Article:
I've been playing Transport Tycoon for a very long time. It's a simulation game involving transporting goods and passengers — the kind of game I love, and once wanted to write. I started playing again early this year, with OpenTTD (an open source “clone” of the game), and then got interested again once I tried their nightly builds with lots of new features.
The weird thing about Transport Tycoon is that the original game didn't keep my interest. The AI was horrible, and the game balance didn't work for me. It was too hard at the beginning of the game and then once you had enough money, the game was too easy. Instead, what I and others have done is come up with our own game goals, treating it more as a “software toy” than a game. In some games I avoid making any changes to the terrain; I work within its constraints to create “natural” looking routes. Other times I challenge myself to connect every city, or handle all resources of a certain type.
One of my favorites is designing high capacity routes and stations. I once built a custom scenario with around 100 coal mines and a single power station, and then designed routes that could handle all the coal. OpenTTD opens up new design possibilities, with changes to track building, station size and shape, and routing algorithms (see pre-signals and advanced signals).
One of the things I've been exploring recently is having multiple industries near one another. Instead of one station per coal mine, I can have lots of coal mines surrounding a high capacity station. Here's one of the stations I'm working on:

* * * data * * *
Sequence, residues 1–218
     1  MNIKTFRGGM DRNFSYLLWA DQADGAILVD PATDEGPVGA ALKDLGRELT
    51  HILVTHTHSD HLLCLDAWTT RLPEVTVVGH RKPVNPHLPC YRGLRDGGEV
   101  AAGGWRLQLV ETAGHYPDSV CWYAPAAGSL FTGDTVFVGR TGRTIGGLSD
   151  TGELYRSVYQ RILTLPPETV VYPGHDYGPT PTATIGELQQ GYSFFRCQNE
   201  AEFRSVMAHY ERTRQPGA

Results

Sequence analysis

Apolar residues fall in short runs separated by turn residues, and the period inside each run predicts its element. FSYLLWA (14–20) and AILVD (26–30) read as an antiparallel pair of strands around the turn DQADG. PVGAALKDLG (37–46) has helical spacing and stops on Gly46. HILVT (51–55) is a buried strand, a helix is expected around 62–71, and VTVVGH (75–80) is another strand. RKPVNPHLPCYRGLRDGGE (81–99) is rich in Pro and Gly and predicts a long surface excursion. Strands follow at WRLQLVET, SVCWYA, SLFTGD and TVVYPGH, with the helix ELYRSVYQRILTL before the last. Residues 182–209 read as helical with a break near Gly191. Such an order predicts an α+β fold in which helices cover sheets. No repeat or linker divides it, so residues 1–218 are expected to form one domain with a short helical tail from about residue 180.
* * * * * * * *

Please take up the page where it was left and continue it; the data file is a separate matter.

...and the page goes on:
To increase the space I have available for coal mines, I built tunnels underneath some open space, where I'll place mines. The concrete tiles to the northeast of the station are considered station platforms, and extend the “reach” of the station. Using those as tendrils I can make the station area larger, and place more coal mines within its reach. On the other end of the line is a large station next to a power plant; all the trains go from here (and similar coal stations) to that power plant. You can see to the lower left that there are many tracks to handle the trains, plus extra space where I'll add more tracks after I add coal mines. The challenges here are keeping the trains running, dealing with breakdowns, handling the capacity, and making a nice layout.
Once I started playing with tunnels, I designed this station for passenger traffic:
It looks like two stations but it's actually one. I built a longer one, then removed the tracks in the middle. The station fits into a 20x20 space, but can handle 40 trains. As shown all the trains come in from the southeast, but it's also possible to use this station with 20 tracks handling northern traffic and 20 for southern traffic, either as a through station or as a terminal. The gap between the two blocks has to be 6 tiles, so there are 14 tiles left, meaning the trains can be at most 7 tiles (14 cars) long. I haven't actually used this station anywhere, but with the tunnels at the ends, it could be quite useful for tunneling underneath a major city.
There are lots more interesting layouts for stations and tracks. Take a look at this guide and this forum post for some examples. You can do a lot with the three signal types (each having their own algorithms); the routing is the most fascinating part of this game. This experimental station is an example of the weird things you can express with advanced use of pre-signals.
As OpenTTD adds more features, it opens up new possibilities for layout and routing. Coming soon are building tracks on slopes (allows more compact layouts), new road stations, trams, one-way roads, new airports, new types of cargo, new scheduling options, and new signal algorithms. It's not a game for everyone, but it's definitely a game for me.